ORLANDO — The owner sounds weary. The mayor sounds firm. And too many fans sound as if their last bit of hope was left in a squalid section of Tropicana Field’s now-empty upper deck.
This is what 12 years of failed stadium-building does to a community. It leaves you a little angry, a little disappointed and totally susceptible to conspiracy theories and rabbit holes.
So let’s take a deep breath and figure out what is real and imagined. What is likely and what is farfetched. Mostly, let’s try to figure out where the Rays might take the field in 2028.
We’ll begin by analyzing the news of the week:
* St. Petersburg Mayor Rick Kriseman says the window of opportunity for a stadium in Ybor City closed six weeks ago when the folks in Tampa failed to come up with a feasible financing plan in time. The only way he will permit the Rays to talk to Tampa is if someone offers St. Pete a “sweet deal.’’
And Rays owner Stu Sternberg says Kriseman’s position is entirely justified. Furthermore, Sternberg says he will not ask for permission to talk to Hillsborough again.
So is that it? Is the Ybor City stadium proposal dead?
Not necessarily. Sternberg might not seek permission from St. Pete to resume negotiations, but that doesn’t mean someone from Tampa can’t ask Kriseman for a new 90-day window if the Ybor City plan ever becomes more fully baked. And that “sweet deal’’ Kriseman seeks could involve the very lucrative redevelopment rights that the Rays currently share on the Tropicana Field site.
“Mayor Kriseman has exhibited extraordinary political courage in the past on this issue,’’ said Tampa Bay Rays 2020 business group leader Ron Christaldi. “He absolutely should put St. Pete’s interests first, but it would surprise me if he stopped thinking regionally about what’s best for the entire market when it comes to the Rays future.’’
* The Rays 2020 advisory group and some Chamber of Commerce officials had a lunch in Tampa last month with Sternberg and Rays executives.
The exact phrasing is open to debate, but several people agree that Sternberg essentially said he would have a difficult time convincing his fellow baseball owners that it’s a good idea to build another stadium on the Tropicana Field site, even if he doesn’t have to pay a penny.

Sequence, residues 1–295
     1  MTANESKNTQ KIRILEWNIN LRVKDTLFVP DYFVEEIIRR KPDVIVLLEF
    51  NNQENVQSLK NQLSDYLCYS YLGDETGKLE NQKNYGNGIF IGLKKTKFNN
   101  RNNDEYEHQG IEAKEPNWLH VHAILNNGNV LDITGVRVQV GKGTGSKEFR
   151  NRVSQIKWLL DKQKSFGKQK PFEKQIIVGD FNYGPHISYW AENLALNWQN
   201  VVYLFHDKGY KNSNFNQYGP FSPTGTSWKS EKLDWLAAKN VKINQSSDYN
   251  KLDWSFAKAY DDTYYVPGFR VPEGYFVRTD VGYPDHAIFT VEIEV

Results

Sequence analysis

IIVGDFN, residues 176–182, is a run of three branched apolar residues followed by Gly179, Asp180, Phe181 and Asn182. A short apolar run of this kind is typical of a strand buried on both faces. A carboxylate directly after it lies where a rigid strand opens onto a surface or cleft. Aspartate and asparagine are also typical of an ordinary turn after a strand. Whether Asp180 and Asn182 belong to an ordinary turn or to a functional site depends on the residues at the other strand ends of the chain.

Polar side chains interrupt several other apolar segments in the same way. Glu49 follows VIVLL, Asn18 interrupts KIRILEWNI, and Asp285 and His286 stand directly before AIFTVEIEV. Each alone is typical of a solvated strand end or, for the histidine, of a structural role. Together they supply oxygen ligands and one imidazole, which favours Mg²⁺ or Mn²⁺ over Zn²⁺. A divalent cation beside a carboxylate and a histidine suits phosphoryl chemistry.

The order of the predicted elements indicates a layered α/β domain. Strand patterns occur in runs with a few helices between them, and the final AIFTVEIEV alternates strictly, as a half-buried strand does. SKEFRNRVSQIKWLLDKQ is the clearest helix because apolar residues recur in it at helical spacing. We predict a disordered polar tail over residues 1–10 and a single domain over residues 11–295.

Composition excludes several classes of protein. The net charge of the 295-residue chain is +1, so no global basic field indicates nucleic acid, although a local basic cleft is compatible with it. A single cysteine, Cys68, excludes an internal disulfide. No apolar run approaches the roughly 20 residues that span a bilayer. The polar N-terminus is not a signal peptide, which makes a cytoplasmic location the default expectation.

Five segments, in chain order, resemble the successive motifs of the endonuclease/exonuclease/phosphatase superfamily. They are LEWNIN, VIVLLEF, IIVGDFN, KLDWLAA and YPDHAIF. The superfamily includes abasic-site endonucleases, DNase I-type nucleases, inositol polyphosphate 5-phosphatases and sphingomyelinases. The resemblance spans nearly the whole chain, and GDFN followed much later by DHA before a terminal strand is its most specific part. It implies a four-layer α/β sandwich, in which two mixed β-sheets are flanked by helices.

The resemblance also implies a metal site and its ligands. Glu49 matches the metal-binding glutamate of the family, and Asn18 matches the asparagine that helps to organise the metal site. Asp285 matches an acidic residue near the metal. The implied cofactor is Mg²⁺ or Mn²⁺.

When asked about it at an owners meeting in Orlando on Friday, Sternberg said he needs hard evidence to convince Major League Baseball that a stadium in St. Pete could generate enough revenues.
“I would rather spend $400 million on a stadium that’s going to have 25,000 people a game than spend $100 million on a stadium that’s going to have 12,000 a game,’’ Sternberg explained.
“It’s like owning a Starbucks. If you have a store that’s only selling 12 cups of coffee a day, you can give me the store for free and I’m still not taking it because of all the associated costs.’’
This doesn’t mean St. Pete is a lost cause. But it does suggest the odds are long. And time is growing short. If there is no plan in place by 2022, the Rays can realistically begin thinking about a stadium that would open in some other market in 2028.
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* Kriseman took a leap of faith several years ago when he put together the deal that allowed the Rays to talk to Hillsborough County officials from 2016-18. At the time there were all kinds of unfounded suggestions that the Rays would use the agreement to somehow flee the state.
In retrospect, the agreement was the right decision even if it didn’t lead to a deal in Hillsborough County. And now Kriseman and St. Pete can open their own negotiations with the Rays with the knowledge that Tampa isn’t quite the baseball wonderland it once claimed to be.
So where does St. Pete go from here? Kriseman said the city is waiting for Sternberg to regroup and decide whether the Tropicana Field site is feasible for a new stadium. The Rays, he said, have to make the first move before the city makes an offer.
“They’ve got to let us know if that’s their intention,’’ Kriseman said. “I’m not going to negotiate against myself.’’
Sternberg said the Rays will re-examine the potential of a downtown St. Pete stadium to determine if there is enough potential for higher corporate sponsorships and ticket sales in the future.
By summer, he will have one of two answers for Kriseman.
It will either be no, or let’s explore this together.
“We would have to come up with real numbers,’’ Sternberg said. “Something I can go to baseball and say “Look, this isn’t going to leave us in the bottom 10 of revenues.’ If I come back to baseball and say “We did all this and we can be No. 24?’ Forget it. Goodbye. It’s gone.’’
One wild card? There is still one other dream scenario for the Rays in St. Pete. I’ve said it before but the Albert Whitted Airport site may be the greatest waste of prime waterfront property in America. It would take referendums and deal-making and arm-twisting, but it still should be explored.
* Does all this sound pessimistic? It should. It’s the nature of this kind of deal.
The Rays are not yet an institution in this marketplace, and so there is no keep-them-at-any-cost vibe. And neither Tampa nor St. Pete has a big enough corporate presence to make this deal either easy or appealing from the Rays standpoint.
The question is whether Tampa, St. Pete, Clearwater, New Port Richey, Sarasota and Lakeland have the wherewithal to make it happen. Whether fans value having a Major League team in the market, and whether corporations understand what that means from an economic perspective. The question is whether our leaders can think regionally in a way they have rarely done before.
“I’ve told other people, “Shame on us if we just give up now,’’’ Christaldi said. “These things do not happen easily.’’